Preventing Child Abuse
According to the non-profit organization Childhelp, five children across the United States die every day as a direct result of child abuse. The perpetrator of the abuse could be a parent, stepparent, family friend, teacher, coach, other family member, or even a stranger. While physical and sexual abuse get the most attention, neglect is a form of abuse as well. The organization also states that someone makes a report of child abuse every 10 seconds in this country, leading to a staggering 3.3 million annual reports of child abuse. If you’re the parent of a minor child, it’s important to know how to prevent your child from becoming a statistic.
What You Can Do to Prevent Child Abuse
Parenting is rewarding but also stressful at times. It can be especially stressful when you’re worried about money, have little or no support from the child’s other parent, or your child challenges your authority. Sometimes even the most loving parent can feel like lashing out in anger in these types of situations. To prevent everyday discipline from turning into abuse, avoid disciplining your child when you feel like you’re out of control with anger. Send your child to a different room where he or she will be safe and then address the problem behavior when you’re feeling calmer.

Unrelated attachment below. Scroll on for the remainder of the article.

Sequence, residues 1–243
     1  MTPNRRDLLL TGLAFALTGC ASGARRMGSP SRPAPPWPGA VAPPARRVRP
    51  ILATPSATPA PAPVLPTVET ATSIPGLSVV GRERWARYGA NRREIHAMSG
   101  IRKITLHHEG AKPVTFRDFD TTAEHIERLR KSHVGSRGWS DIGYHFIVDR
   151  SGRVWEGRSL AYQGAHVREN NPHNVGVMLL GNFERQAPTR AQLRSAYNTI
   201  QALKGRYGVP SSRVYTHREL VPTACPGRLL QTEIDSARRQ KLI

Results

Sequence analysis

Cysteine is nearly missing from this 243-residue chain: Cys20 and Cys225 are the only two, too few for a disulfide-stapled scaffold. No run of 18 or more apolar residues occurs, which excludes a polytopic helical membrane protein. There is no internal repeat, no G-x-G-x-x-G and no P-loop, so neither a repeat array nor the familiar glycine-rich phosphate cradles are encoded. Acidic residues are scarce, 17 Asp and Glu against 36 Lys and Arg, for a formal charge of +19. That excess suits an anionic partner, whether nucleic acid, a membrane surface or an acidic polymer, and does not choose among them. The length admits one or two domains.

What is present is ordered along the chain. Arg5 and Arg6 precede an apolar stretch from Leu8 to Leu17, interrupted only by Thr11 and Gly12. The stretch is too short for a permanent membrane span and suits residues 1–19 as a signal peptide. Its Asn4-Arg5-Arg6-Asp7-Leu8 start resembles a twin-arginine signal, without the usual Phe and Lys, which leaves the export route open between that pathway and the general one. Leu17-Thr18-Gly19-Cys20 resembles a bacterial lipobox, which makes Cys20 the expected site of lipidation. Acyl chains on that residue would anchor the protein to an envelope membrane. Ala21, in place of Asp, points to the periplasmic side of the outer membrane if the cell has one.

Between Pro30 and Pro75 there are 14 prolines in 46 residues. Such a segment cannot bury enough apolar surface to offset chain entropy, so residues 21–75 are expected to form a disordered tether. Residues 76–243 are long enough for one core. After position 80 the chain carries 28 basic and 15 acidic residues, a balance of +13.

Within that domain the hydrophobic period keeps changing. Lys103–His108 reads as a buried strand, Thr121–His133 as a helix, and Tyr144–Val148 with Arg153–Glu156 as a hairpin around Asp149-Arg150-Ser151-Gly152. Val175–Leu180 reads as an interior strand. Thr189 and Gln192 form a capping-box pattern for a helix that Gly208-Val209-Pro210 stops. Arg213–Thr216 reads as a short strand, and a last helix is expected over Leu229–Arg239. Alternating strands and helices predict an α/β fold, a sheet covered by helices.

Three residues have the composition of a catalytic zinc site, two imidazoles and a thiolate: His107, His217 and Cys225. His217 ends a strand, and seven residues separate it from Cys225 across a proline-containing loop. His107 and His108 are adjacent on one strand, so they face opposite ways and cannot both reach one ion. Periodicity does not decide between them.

If you find yourself at a loss as to how to cope with or support your child, from the difficult toddler stages to serious behavioral issues, know that you’re not alone and there are numerous local resources to help. One, for example, is the Positive Parenting Program, commonly referred to as Triple P. To sign up or learn more information about Triple P, click here: https://connectspartanburg.typeform.com/to/Zr8xmY.
While you can control your own behavior towards your child, you can’t always control what others will do when you’re not with your child. That is why teaching him or her how to prevent and report abuse from an early age is so important. Childhelp recommends that all parents do the following:
- Get to know your child’s friends and their families
- Participate in as many of your child’s activities as possible
- Don’t leave your child unattended in a car, store, doctor’s office, or any other public place
- Teach your child that he or she does not have to accept behavior from adults that feels uncomfortable
- If your child seems reluctant to spend time with a certain adult, ask questions to find out why
- Listen when your child talks about potentially abusive situations and express that you believe him or her
- Pay attention to any sudden changes in behavior or attitude and question your child about it
- Teach your child his or her full name, parents’ names, address, and your telephone number as well as what to do if the two of you become separated in public
- Teach your child body anatomy and the correct name for all parts
- A child showing premature understanding of sexual relationships is a red flag that someone could be abusing him or her
- Be suspicious of any adult who shows an unusual interest in your child
- If your child attends school or daycare, make sure the staff will not release him or her to anyone other than yourself or other people you have designated
Contact a Family Law Attorney at the Cate Law Firm
No matter what family law matter you may need assistance with, we encourage you to contact our Spartanburg, South Carolina law office at 864-585-4226 to request a free and confidential legal consultation. We assist with divorce, child support, custody, temporary relief orders, and many other family law matters